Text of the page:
DIXON – Citizens should be watching carefully, and the governmental task force should be taking notes.
With the naming of Police Chief Danny Langloss as special assistant to the City Council – in other words, interim city administrator – the city is getting a taste of what an administrator can bring to the table.
In less than a month’s time, Langloss has called for a human resources policy audit and reached out to concerned or skeptical citizens.
Langloss hopes to bring the city’s “dinosaur” human resources policies up to date, and even save the city about $200,000 through a new health insurance program.
The tone of City Council meetings also has changed. Items brought for a vote are discussed and sometimes figures are shared on an overhead projector. Langloss also takes time to talk with residents and answer questions after meetings.
While it’s made for longer City Council meetings, meeting regulars are taking notice.
In a letter to the City Council, Dixon resident Carol Fisher said the more open forum is a welcome relief.
“It is much better to hear the comments, questions and discussions on items than it is to sit and hear a motion read and then the roll call for a vote,” Fisher wrote. “I would encourage you to consider moving to this type of meeting for all council meetings in the future.”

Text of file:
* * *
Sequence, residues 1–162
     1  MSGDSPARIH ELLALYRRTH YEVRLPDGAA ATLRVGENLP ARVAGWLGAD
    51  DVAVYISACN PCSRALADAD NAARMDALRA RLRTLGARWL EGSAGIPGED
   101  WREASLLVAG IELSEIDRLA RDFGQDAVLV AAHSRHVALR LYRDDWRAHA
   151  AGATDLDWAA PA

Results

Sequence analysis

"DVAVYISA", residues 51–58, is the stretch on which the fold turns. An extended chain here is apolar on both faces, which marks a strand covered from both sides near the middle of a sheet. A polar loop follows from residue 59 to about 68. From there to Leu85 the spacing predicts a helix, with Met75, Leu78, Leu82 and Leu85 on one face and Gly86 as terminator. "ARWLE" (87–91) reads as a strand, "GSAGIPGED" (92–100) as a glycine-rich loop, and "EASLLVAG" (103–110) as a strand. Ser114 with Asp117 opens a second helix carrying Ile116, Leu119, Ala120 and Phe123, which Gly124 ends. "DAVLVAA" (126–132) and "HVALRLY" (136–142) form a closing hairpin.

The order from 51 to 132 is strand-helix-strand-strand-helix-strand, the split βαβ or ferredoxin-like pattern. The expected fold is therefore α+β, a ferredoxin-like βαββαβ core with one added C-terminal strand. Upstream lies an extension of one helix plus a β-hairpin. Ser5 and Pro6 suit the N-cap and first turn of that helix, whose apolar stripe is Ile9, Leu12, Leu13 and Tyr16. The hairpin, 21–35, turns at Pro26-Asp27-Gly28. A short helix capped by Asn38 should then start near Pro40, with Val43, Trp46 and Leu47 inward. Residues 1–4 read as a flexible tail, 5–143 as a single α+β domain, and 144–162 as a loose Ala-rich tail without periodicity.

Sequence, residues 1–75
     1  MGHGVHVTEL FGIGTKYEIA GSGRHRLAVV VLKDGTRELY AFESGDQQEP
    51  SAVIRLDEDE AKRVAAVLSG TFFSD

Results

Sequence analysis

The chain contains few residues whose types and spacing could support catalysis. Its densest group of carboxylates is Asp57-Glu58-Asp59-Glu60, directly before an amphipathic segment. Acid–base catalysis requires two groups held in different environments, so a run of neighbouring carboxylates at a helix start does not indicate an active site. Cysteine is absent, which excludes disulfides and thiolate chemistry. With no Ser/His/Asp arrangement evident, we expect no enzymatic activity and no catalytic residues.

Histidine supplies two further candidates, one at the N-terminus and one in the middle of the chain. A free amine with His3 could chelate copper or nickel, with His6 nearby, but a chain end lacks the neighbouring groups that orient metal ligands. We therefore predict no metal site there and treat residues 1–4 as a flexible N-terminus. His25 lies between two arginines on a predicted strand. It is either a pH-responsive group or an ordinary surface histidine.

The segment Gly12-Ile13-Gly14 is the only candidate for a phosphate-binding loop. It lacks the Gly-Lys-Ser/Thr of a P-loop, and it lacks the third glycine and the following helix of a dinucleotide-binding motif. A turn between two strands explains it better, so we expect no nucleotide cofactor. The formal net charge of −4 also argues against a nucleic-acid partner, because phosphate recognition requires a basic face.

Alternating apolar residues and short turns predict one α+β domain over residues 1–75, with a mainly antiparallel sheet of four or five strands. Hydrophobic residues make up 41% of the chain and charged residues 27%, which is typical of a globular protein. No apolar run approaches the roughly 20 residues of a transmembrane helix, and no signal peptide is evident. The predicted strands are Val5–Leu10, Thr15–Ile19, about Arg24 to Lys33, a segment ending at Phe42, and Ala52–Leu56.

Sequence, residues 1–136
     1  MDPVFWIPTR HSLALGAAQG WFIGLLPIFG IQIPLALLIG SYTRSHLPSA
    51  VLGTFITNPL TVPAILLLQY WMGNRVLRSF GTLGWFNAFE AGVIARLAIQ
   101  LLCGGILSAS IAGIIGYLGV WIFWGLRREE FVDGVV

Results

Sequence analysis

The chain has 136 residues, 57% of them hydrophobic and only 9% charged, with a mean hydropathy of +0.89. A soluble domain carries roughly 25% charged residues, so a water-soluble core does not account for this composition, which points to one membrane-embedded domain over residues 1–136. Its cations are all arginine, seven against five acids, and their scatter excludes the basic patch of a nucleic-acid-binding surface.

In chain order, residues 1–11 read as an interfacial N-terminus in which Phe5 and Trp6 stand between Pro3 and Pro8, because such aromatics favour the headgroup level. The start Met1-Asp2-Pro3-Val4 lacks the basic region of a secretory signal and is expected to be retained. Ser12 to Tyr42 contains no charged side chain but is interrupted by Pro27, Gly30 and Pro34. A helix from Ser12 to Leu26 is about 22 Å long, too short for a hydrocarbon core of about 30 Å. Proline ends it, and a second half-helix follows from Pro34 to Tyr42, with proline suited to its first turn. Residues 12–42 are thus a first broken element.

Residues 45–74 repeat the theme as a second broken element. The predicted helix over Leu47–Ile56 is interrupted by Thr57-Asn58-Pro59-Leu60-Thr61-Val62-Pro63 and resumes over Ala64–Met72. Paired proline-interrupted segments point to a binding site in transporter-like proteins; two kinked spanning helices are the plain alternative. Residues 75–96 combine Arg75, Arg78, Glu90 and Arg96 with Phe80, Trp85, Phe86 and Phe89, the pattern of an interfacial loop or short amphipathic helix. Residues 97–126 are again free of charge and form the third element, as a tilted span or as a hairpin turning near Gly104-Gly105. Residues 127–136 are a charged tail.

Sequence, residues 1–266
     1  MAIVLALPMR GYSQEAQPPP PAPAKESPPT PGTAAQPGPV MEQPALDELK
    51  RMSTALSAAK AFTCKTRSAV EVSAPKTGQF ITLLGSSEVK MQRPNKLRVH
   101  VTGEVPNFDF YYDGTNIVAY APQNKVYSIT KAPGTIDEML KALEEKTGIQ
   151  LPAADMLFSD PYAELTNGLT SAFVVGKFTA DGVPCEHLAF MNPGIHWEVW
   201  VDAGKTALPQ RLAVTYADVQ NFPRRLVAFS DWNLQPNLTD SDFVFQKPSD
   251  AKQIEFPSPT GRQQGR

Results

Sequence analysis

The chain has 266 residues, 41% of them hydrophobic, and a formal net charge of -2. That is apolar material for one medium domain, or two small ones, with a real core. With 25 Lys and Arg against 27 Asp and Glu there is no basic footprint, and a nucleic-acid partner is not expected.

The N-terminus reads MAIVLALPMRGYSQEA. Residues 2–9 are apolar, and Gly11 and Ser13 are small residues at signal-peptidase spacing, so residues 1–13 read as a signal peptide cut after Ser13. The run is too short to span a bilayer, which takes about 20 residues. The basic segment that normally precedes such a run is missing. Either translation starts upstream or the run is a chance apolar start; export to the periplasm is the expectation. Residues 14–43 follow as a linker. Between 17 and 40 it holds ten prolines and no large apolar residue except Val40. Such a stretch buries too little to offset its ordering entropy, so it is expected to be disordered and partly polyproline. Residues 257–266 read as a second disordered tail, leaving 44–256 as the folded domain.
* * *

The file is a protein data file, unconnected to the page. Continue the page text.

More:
The City Council plans to hire a city administrator in 4 to 6 months.
While each administrator may have his or her own approach, the City Council has the ability to give that administrator as much or as little power as it likes.
Also, the governmental task force will recommend a form of government, defining the roles of an administrator for the City Council to consider, perhaps even suggesting a city manager form of government where the roles are defined by state statutes.
See anything you like in Langloss? Now is the time to start keeping tabs.
Bessy’s coming home
Calling all classic car lovers!
Members of a Fox Valley car club are restoring “Bessy,” a 1919 Model T coupe that belongs to the Ronald Reagan Boyhood Home, 816 S. Hennepin Ave.
The car was bought about 6 years ago because Jack Reagan, the former president’s father, was known to tinker with cars.
After getting Bessy to start last summer, club members drove the Model T to South Elgin in a trailer a few months after, then sent her engine off to Ohio to be rebuilt, the Elgin Courier News reports.
When they’re done, members have tentative plans to drive her home June 1 in an antique-vehicle caravan of 10 to 15 Model Ts, said Brandi Langner, the home’s director.
Bessy, by the way, got her name from Dixon grade school students. They suggested five names and Bessy was voted the winner.